A little further north, in the mouth of the frozen west bay are dragon snouts. When the waves crash up onto the shore the cold water freezes upon contact. Higher and higher a cone forms with an opening to the water. They make me think of a dragon buried under the ice, breathing through these openings; hence dragon snouts.
All along the water’s edge are tracks. There are otter and coyote tracks. I follow a set over the frozen west bay, walking where three months prior it was all water. They lead to a trail through the woods. Hugh has shown me this trail. It comes out on the tractor road past the north dock. During non-winter I have a difficult time finding the hidden opening, but the tracks that I follow show the way.
It is difficult to determine if the tracks I have been following are otter or fox. In the woods I spot the distinctive hopping paws of a snow shoe hare.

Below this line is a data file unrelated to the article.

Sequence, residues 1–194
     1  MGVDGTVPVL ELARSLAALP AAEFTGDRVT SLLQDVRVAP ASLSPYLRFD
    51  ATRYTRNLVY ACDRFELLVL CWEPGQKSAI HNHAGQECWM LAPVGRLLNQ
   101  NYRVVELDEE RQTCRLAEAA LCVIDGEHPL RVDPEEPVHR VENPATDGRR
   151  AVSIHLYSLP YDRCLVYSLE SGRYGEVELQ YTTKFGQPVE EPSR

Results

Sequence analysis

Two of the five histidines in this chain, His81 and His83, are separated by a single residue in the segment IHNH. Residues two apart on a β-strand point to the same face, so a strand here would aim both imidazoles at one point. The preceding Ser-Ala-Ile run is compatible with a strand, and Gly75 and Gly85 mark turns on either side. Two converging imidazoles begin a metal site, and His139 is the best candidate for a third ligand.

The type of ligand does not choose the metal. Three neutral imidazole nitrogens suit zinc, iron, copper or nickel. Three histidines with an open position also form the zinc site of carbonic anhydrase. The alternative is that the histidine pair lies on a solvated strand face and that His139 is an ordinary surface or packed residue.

I come out on the tractor road and walk to the north dock and east bay. The east bay is completely frozen over. Only a few yards from shore the ice will give way. Today’s ice that covers from side to side will be easily swept away with any breeze.
There is a squiggle on the ice. It looks like it could be an otter slide. Closer examination reveals it is a deep crack in the ice. Yes, I stay off the ice.
The lake is lower than I have ever seen it. I walk along the exposed bedrock. Nestled in a large solution hole1 is what appears to be an ice urchin.
The ice is impressive. There is a piece of pancake ice that looks like someone took a knife and sawed a balloon in the ice. It is perfectly round with a squiggle of a string for a tail.
I continue along the shore, making my way south to the east dock.
Emerging out of the frozen wastes there appears to be a crocodile eating a boulder. Fangs and all drape down the sides of the boulder in preparation of its meal.
Even though it is now about 10 AM mist is still steaming off the lake making the south point look like the magical place it is.
1 A solution hole is concavity that is formed in the dolomite rock, indigenous to this area, when chemicals react between the water and minerals in the rock.